Page 148 - British Inquiry into Loss of RMS Titanic Day 6 - 9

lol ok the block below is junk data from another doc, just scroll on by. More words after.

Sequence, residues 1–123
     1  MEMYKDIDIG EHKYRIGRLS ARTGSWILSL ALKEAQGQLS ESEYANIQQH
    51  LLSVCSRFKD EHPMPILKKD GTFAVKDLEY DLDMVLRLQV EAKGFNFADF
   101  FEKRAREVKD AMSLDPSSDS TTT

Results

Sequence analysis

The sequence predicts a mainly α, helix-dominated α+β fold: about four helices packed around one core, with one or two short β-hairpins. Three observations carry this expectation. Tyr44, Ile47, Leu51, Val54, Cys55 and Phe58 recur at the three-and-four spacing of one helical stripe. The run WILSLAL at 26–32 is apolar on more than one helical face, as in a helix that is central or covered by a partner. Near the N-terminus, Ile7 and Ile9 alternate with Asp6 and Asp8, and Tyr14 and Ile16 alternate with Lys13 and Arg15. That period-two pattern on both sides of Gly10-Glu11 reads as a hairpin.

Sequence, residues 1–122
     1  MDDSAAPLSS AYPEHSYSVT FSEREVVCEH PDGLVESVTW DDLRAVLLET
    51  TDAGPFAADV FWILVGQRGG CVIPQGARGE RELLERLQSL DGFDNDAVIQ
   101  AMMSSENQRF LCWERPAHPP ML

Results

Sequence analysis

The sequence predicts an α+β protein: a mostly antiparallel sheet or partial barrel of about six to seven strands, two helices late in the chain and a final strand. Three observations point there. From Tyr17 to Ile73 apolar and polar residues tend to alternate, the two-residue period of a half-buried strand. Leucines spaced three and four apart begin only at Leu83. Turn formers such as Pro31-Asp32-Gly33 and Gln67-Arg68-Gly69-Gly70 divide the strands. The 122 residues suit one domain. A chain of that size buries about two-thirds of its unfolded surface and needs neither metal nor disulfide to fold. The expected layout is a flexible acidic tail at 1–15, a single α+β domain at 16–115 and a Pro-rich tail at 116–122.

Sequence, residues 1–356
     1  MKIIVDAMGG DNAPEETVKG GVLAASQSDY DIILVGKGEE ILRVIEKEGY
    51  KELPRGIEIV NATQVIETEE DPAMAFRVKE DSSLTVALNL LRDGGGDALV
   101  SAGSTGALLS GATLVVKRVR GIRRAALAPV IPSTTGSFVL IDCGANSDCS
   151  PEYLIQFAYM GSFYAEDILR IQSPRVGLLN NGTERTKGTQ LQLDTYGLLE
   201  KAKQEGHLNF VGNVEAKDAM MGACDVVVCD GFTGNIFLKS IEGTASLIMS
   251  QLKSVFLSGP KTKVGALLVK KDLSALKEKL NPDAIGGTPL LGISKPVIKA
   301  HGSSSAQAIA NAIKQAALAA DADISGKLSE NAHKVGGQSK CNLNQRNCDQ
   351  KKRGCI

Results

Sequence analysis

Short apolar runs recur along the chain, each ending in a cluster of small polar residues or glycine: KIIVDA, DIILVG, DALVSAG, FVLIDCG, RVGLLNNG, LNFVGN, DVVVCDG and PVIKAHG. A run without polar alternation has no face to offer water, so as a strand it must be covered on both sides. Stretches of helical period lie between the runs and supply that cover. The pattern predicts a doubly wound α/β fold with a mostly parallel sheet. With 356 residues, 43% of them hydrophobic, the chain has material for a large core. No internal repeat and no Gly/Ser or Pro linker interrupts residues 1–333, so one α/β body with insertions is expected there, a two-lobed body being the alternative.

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8812. Then at 10.21 there is an entry that the ship was stopped in latitude 42·5 north and longitude 50·7 west? - Yes. 8813. Do you know who took that position? - The captain gave us that position. 8814. Did you or not subsequently verify this position? - Yes. 8815. When did you verify it? - The next day. 8816. And did you find this position to be accurate? - Yes. 8817. At noon on the 15th did you take observations to fix your position? - Yes. 8818. Who was taking part in these observations? - All the officers took them. 8819. Did you get good sights? - Very good sights. 8820. Did the sights taken by the various officers agree? - They all agreed. 8821. And was the position as ascertained by those sights latitude 41·33? Can you tell me? - Yes, 41·3 N., 50·9 W. 8822. That is your noon position? - Yes. 8823. Are you able from working back from that noon position to fix accurately the position of the wreckage which you came up to at 8.30? - Yes. 8824. How many miles had you traveled between the time you proceeded on your course and when you took this position? - About four or five miles. 8825. According to your log, you proceeded on your course at 11.20? - Yes. 8826. And you stopped close to the “Carpathia” at 8.30? - Yes. 8827. And remained until 11.20? - Yes. 8828. And between 11.20 and noon you say you traveled some four or five miles? - Yes. 8829. Were you encountering ice at the time? - Yes. 8830. Is the position stated in your log as the position in which you were searching for the boats of the “Titanic” accurate or not - latitude 41·33 north and longitude 50·1 west? - Yes. 8831. Was that the latitude and longitude in which you found the wreckage? - Yes. 8832. How many miles was the position of the wreckage from the place where you had been stopped from 10.21 the night before until six o’clock that morning? - About thirty miles. 8833. Do you know in what direction, thirty miles? - About south a little east. 8834. Assuming the “Titanic” struck the iceberg in the position which was reported by the “Virginian” at 6 a.m., according to your log, latitude 41.46 north and longitude 50.14 west, how far was that position from the place where you were stopped? - About 19 or 20 miles. 8835. And bearing how? - Bearing about south-south-west - south, a little west. 8836. Could the “Titanic,” assuming she was in either of those two positions, or was to the eastward of either of those two positions, by any possibility have been visible to anyone on board your ship while you were lying stopped in the ice? - No. 8837. Do you think her rockets could have been seen in the latitude in which she was? - I do not think so, Sir. The Commissioner: All this does not impress my mind much. It all proceeds upon the assumption that all these figures are right. The other evidence to my mind is of vastly more importance. However, I do not want to shut you out from it, you know. 8838. (Mr. Dunlop.) You have heard my Lord’s observation. Have you any reason to doubt the accuracy of these latitudes? - No, Sir. The Commissioner: The previous officer told me, in answer to a question, that I think you yourself suggested, that he was satisfied that it was the “Titanic,” and at present I do not mind telling you that is my attitude of mind. You may perhaps change it. Mr. Dunlop: I hope to succeed, my Lord. The Commissioner: What do you think? Mr. Dunlop: I submit, my Lord - The Commissioner: Oh no, I am not asking you - I am asking the witness.
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